Liberty's Edge

Varl wrote:
Indeed. I'm putting my fetishes and charms away now and opening my curtains to let some sunshine in (well, cloudshine, as we call it here in W. Washington).

Now the scary part is that I hope you are talking Shamanistic traditions or Shadowrun and not latext, swing sets, and goodness knows what else my twist mind can remember or think of in the next few moments.

The Exchange

Pathfinder Adventure Path, Campaign Setting, Card Game, Maps, Modules, Roleplaying Game, Tales Subscriber
DMcCoy1693 wrote:
tadkil wrote:
For the last ten years, D20 has been the only game in town.
As an old Exalted gamer that snubbed D&D for quite some time, I must disagree. Granted it was 50% of the market, but there is still another 50% that people happily enjoyed.

Sorry man. However, I tried to get games in other systems with no success. Wish I knew were you and the other guys were hiding!


Russ Taylor wrote:
I also don't see too much in common between Spelljammer and Space:1889 rather than the obvious link of flying ships. Spelljammer wasn't particularly Victorian, and was very much magic-obsessed.

A couple of bad examples, but TSR, in particular, had a long track record of rejecting a submission and then suddenly having a near identical article in Dragon or published product shortly thereafter. (See: Psionics). Heck, the whole gaming hobby has a long and proud tradition of screwing over people in that way.

If anyone thinks that WotC, now under immense pressure to stop losing money, is going to be 'nice and friendly' to their so-called 'competition', then they need to pass around what they've been taking to the rest of the class.


Is the GSL seen as so restrictive simply because the OGL was so exactly the opposite? It still boggles my mind that WOTC ever let the OGL exist. Obviously a move they regret looking at the way they treated paizo. And now this GSL.... well i think the industry will survive this. I don't see 4th edition as becoming the new standard with the license written as it is. Who knows.
I still plan on expanding my 3.5/3RD d20 collection. And i also admit to buying 4th edition and having my eyes on some of the stuff they release in the future. Hell i might even buy the Pathfinder hardcover when it hits the streets next year.
I only hope i live to see the next edition war or two because my health has been failing as of late. But this one has been pure, delicious entertainment. Good Luck Paizo.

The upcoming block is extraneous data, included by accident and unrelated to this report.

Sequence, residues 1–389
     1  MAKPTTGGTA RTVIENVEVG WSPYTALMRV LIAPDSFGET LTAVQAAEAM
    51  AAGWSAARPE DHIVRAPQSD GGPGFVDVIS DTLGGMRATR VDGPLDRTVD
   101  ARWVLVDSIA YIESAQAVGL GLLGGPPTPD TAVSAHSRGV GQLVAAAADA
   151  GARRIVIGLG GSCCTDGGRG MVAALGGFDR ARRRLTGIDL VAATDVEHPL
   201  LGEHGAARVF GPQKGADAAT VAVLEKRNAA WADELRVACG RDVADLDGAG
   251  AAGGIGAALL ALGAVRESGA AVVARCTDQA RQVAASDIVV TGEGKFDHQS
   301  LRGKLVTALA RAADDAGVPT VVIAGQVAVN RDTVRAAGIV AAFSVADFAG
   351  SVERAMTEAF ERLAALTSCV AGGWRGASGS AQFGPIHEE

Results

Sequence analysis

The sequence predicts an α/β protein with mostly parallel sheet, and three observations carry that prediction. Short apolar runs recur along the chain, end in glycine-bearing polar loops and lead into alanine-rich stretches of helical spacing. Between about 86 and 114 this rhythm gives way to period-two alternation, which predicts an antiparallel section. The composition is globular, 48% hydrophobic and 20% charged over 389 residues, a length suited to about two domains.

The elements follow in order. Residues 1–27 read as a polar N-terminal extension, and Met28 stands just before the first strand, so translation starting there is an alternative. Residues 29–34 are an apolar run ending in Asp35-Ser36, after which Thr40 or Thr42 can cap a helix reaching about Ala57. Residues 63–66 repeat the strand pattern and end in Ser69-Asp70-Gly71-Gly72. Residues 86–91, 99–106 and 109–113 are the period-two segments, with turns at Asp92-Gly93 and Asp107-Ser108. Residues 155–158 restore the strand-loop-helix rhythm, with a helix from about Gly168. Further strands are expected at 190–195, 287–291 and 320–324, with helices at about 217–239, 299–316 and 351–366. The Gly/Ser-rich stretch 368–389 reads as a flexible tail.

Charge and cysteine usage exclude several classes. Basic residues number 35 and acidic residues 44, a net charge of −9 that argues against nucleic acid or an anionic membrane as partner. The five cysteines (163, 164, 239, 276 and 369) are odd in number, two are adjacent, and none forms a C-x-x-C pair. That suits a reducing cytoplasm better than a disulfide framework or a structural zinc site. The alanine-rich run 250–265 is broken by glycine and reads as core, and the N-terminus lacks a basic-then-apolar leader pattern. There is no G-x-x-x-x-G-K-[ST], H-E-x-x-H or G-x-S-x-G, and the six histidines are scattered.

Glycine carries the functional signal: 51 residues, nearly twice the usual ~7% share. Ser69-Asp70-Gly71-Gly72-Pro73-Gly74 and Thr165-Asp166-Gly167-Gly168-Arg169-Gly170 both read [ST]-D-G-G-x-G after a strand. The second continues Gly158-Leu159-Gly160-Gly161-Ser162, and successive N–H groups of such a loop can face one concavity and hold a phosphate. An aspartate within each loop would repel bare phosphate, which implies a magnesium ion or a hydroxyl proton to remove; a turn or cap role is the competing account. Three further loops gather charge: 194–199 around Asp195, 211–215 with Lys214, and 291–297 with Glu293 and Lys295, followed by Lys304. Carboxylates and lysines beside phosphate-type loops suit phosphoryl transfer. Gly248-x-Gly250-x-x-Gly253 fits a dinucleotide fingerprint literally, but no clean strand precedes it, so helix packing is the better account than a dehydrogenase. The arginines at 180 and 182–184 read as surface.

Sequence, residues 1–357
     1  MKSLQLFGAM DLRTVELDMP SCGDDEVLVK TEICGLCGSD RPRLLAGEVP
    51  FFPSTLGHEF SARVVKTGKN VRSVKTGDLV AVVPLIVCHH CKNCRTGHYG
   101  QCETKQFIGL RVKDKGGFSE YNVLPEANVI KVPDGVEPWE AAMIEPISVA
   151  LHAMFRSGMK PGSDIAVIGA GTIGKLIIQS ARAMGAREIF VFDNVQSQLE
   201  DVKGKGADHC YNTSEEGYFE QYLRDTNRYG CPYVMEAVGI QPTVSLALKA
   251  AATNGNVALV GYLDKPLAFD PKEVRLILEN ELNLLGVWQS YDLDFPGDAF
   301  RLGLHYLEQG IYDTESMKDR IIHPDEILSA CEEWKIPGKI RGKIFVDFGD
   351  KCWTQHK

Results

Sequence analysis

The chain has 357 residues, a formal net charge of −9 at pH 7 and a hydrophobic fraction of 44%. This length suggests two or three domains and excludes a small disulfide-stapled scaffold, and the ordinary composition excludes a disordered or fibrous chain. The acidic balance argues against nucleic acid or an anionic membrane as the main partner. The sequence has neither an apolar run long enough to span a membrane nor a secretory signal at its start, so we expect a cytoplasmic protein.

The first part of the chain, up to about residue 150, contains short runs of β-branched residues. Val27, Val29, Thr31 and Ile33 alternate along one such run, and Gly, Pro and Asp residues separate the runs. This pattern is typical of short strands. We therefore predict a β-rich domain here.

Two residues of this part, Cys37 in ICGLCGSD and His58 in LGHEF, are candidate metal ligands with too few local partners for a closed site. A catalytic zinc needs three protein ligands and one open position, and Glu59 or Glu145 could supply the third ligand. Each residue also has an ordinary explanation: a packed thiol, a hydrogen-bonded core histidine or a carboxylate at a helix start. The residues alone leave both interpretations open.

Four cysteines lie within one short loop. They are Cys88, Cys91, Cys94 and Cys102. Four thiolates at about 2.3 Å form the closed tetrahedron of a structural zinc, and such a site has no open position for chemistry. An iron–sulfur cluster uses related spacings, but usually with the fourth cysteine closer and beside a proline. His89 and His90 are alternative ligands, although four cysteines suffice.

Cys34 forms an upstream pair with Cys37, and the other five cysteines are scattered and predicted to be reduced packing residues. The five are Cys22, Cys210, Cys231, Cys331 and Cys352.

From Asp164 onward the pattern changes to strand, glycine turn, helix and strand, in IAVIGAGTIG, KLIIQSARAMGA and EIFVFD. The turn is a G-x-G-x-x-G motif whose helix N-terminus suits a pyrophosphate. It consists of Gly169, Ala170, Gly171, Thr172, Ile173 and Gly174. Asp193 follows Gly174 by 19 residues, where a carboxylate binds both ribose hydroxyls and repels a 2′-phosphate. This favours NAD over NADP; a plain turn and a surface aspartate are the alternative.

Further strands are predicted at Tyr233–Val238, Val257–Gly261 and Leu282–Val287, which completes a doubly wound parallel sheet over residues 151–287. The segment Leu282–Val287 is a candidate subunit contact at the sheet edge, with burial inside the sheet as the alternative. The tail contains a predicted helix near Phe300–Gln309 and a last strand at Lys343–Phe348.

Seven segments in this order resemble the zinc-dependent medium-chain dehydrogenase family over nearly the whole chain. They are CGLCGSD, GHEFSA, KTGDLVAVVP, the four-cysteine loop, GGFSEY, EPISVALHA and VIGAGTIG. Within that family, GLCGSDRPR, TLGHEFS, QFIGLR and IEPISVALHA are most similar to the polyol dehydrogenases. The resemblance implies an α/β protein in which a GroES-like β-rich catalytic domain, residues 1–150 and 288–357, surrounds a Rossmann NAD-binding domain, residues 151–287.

Dark Archive

Pathfinder Adventure Path Charter Subscriber; Pathfinder Campaign Setting, Companion, Modules, Roleplaying Game Subscriber
vance wrote:
And all of this for what? The ability to have a small logo on the BACK of a product, as well as the legal page?

Yep, basically. The chance to advertise your products as compatible with the newest version of the world's best-selling RPG, in return for agreeing to abide by a draconian licensing agreement that fairly well limits you to expansions and adventures, and a license that can be revoked at any time they feel like it. (And we all know WotC's track record on license revocation...)


Pathfinder Adventure Path Subscriber
Andrew Turner wrote:
Wow--almost 500 posts in 24 hours. I wonder if this is one of the fastest moving threads since the magazines announcement?!

Yes; at the rate it’s going, it’ll soon outstrip the “Things in life that suck!” thread. ;-)

I’ve now read every post in this thread- took a while- what do I win? :-)

Reading through it, I felt a bit like that guy pushing the boulder up the mountain (Sisyphus?).

Overall, a very high quality thread!


Wolfgang Baur wrote:
Lou wrote:
Not really, dude. Someone may have raised this point already, but according to the GSL Wizards gets to make a reasonable call about what they think is all part of the same product line. And its seems a reasonable argument that everything called Open Design belongs to the same line.

Well, technically, the COMPANY name is Open Design. It currently has two product lines, KQ and the limited edition patron projects.

The 4E project has, from the start, been different in that it is NOT a limited edition project, and it will be marked and branded separately, sharing no IP with the Zobeck books. Also, as announced at the start, it will be printed and distributed differently than the Zobeck projects.

If that's not a separate product line, I'm not sure what is. But to be sure, I'll be asking a lawyer about it, and exercising a great deal of caution about this project.

Awesome! Good to know its protected from the start, and that I didn't know poo about your structure!